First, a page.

AS US MENDO PEOPLE KNOW, you don’t have to go too far off the pavement to find yourself in wild places. The wildest I’ve experienced was a hike down Indian Creek not far from its headwaters at upper Peachland on down to Clearwater Ranch Road, and on into central Philo. The distance is only four miles or so, but it’s a rough, boulder-strewn four miles, a constant clamber over stone and fallen redwood tangles long ago slipped into the stream by the natural slide of portions of what is essentially a four-mile canyon. It’s too steep in most places to walk anywhere but straight down the streambed. There are lots of tiny fish in the creek, many of them new steelhead, but I didn’t see a single fish bigger than six inches in any of the plenitude of deep holes along the way seemingly designed for fish. The water seemed very warm the length of the stream, a fact attributed to the desert-like condition of Indian Creek’s headwaters where stream banks have been stripped of shade trees. Because the surrounding terrain is so rugged, there is little sign that this part of Indian Creek is ever visited apart from an occasional logger or our local Mountain Man, Monte Hulbert who makes his year-round home somewhere up in Indian Creek Canyon. Monte is a one-man encyclopedia of much of Anderson Valley’s wild country. He’s walked every inch of it, knows all the streams. There were no signs of pot growers on the four-mile trek. At one particularly treacherous confluence of stone, rushing water and deep pool, I lost my balance and fell in, spraining my wrist, destroying my camera (I’d promised a friend some pictures) and somehow snapping the straps on my pack. But other than that one minor mishap, the hike was uneventful. The only environmentally threatening sight we saw was at the bend in the stream just before we reached Clearwater; there, on its north bank, someone had cut an obviously non-sanctioned thirty or forty yards of road just above the stream. The road dead-ends where the same someone is milling a few logs. The road is new and much of it will wind up in Indian Creek with the first heavy rains.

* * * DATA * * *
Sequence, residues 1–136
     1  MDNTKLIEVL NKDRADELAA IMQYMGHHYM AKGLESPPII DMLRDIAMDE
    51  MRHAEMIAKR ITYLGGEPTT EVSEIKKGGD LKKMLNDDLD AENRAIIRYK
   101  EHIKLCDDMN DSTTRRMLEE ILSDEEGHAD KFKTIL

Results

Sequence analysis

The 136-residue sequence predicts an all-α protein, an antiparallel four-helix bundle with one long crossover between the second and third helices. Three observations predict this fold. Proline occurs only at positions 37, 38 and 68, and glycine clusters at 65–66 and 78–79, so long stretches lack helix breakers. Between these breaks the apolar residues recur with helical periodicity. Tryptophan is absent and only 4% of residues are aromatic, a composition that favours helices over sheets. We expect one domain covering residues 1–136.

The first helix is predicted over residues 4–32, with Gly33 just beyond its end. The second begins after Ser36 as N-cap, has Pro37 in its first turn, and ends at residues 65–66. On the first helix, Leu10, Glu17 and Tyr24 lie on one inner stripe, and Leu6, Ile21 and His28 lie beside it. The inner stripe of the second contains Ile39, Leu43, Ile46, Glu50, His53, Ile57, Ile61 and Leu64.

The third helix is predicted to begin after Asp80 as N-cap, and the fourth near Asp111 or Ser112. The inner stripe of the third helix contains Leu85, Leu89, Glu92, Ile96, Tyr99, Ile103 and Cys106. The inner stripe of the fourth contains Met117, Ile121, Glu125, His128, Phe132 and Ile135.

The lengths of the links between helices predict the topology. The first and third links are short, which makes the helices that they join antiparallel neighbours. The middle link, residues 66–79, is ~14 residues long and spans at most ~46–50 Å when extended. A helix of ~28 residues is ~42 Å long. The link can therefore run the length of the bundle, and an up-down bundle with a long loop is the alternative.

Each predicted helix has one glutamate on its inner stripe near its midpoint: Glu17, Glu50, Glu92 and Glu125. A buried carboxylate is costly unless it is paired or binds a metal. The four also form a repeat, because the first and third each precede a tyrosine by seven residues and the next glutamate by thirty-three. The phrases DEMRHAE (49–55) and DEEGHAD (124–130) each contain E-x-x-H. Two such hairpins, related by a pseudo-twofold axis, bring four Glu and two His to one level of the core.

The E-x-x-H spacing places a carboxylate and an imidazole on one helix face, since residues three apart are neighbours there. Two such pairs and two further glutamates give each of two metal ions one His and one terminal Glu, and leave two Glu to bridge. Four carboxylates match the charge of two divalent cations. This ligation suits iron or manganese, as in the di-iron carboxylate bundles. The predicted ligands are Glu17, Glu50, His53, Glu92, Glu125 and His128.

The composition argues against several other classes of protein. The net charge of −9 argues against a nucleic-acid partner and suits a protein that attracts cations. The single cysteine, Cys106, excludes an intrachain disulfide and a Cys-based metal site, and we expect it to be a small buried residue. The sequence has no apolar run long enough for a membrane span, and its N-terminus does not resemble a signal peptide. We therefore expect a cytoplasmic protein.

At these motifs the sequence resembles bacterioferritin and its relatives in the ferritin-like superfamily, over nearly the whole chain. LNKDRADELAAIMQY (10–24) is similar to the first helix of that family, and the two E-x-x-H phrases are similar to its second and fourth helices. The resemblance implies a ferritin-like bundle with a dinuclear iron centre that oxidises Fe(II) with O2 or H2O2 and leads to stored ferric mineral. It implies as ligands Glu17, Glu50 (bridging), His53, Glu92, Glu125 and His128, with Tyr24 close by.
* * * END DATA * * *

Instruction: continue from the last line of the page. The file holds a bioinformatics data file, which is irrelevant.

IT WOULDN’T take a lot of money and all that much labor to plant trees along the banks of the upper Indian Creek, the only trouble spot on its entire length. One doesn’t need a hundred experts and lots of money to do restoration work. Which may have been done by now. I haven’t re-visited the area in thirty years.
A FORT BRAGG friend says she is experimenting with hop plants as gopher deterrents but the results aren’t quite apparent on her tests. She says the gophers are so far mostly staying out of her garden this year, but she isn’t quite sure that the hops have kept them out.
EMIL ROSSI told me once that the only certain way to stop gophers is to shotgun them early in the morning at the first sign of their movement beneath the earth. Since I live in a neighborhood, I’m afraid this particular method of rodent repellent would likely be misunderstood and certainly unappreciated. I’ll try hops.